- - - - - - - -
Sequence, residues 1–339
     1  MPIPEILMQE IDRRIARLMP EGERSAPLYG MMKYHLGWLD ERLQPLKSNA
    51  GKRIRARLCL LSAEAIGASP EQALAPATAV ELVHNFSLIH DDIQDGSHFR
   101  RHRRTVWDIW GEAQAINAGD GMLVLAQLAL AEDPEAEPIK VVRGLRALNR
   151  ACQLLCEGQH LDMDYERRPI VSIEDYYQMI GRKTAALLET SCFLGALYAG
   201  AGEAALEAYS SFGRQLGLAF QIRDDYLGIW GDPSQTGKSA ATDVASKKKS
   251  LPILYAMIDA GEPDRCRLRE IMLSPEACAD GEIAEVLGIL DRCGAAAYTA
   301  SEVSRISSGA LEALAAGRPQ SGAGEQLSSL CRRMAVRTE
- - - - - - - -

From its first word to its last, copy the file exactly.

Sequence, residues 1–339
     1  MPIPEILMQE IDRRIARLMP EGERSAPLYG MMKYHLGWLD ERLQPLKSNA
    51  GKRIRARLCL LSAEAIGASP EQALAPATAV ELVHNFSLIH DDIQDGSHFR
   101  RHRRTVWDIW GEAQAINAGD GMLVLAQLAL AEDPEAEPIK VVRGLRALNR
   151  ACQLLCEGQH LDMDYERRPI VSIEDYYQMI GRKTAALLET SCFLGALYAG
   201  AGEAALEAYS SFGRQLGLAF QIRDDYLGIW GDPSQTGKSA ATDVASKKKS
   251  LPILYAMIDA GEPDRCRLRE IMLSPEACAD GEIAEVLGIL DRCGAAAYTA
   301  SEVSRISSGA LEALAAGRPQ SGAGEQLSSL CRRMAVRTE